2012

Net present value (DBO)

 

 

As of 1 January

2,026

2,008

Interest expenses

98

99

Service cost

37

37

Past service cost

–5

–11

Curtailments/settlements

0

–1

Plan costs

0

0

Pension payments

–125

–128

Actuarial gains (-)/losses (+)

–29

468

Change in consolidation group

0

–5

Currency effects

6

5

As of 31 December

2,008

2,472

 

 

 

Change in plan assets

 

 

As of 1 January

936

977

Expected return on plan assets

43

41

Plan costs

–1

–1

Pension payments

–77

–78

Employer contribution

55

28

Contributions from plan participants

12

14

Actuarial gains (+)/losses (-)

2

48

Change in consolidation group

0

–5

Currency effects

7

5

As of 31 December

977

1,029

 

 

 

Financing status

 

 

Net present value (DBO), not fund-financed

738

899

Net present value (DBO), wholly or partly fund-financed

1,270

1,573

Subtotal

2,008

2,472

Fair value of plan assets

–977

–1,029

As of 31 December

1,031

1,443

Actuarial gains (+)/losses (-) not yet considered

–203

–616

Past service cost

–6

–1

Account not shown as an asset due to definition of IAS 19.58 (b)

0

0

Recognised reimbursement claims pursuant to IAS 19.104A

0

0

Commitments measured based on local criteria

2

2

Recognised assets pursuant to IAS 19.58

131

143

Provisions for company pensions as of 31 December

955

971

Provisions for company pension plans in the amount of €971 million (previous year: €955 million) are netted against assets for indirect pension plans, particularly in the United Kingdom, the Netherlands and Belgium, of €143 million (previous year: €131 million).

The pension expenses of the direct and indirect company pension plans can be broken down as follows:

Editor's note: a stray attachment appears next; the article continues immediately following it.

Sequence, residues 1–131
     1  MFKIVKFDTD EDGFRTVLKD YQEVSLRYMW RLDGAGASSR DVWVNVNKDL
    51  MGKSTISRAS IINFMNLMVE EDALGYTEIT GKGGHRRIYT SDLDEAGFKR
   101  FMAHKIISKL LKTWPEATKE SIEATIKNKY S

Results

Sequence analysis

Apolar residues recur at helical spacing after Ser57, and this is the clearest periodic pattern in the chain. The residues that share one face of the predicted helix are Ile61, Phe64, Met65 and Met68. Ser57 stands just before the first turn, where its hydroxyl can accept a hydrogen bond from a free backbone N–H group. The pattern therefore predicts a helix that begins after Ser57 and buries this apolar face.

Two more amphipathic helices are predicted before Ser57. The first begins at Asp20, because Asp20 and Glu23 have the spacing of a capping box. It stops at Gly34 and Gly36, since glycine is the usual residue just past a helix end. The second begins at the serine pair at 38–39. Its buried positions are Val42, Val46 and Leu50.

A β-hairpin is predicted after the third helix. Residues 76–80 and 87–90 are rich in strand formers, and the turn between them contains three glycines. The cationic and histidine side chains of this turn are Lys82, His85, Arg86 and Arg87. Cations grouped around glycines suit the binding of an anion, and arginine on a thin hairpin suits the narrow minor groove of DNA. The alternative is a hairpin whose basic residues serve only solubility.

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€ million

2011

2012

1

Netted against employees’ contributions

Interest expense on net present value (DBO)

98

99

Expected return on plan assets

–43

–41

Recognised actuarial gains (-)/losses (+)

11

7

Service cost1

28

25

Curtailment

0

–1

Asset limitation

0

0

Past service cost

–4

–6

 

90

83

In addition to expenses from defined benefit pension commitments, expenses for payments to external pension providers relating to defined contribution pension commitments of €53 million (previous year: €50 million) were considered in the financial year 2012.

The provisions for commitments similar to pensions essentially comprise commitments from employment anniversary allowances, death benefits and pre-retirement part-time plans. Provisions amounting to €18 million (previous year: €21 million) were formed for commitments from pre-retirement part-time plans. The corresponding expenses amount to €4 million (previous year: €3 million).

The commitments are valued on the basis of actuarial expert opinions. In principle, the parameters used are identical to those employed in the company pension plan.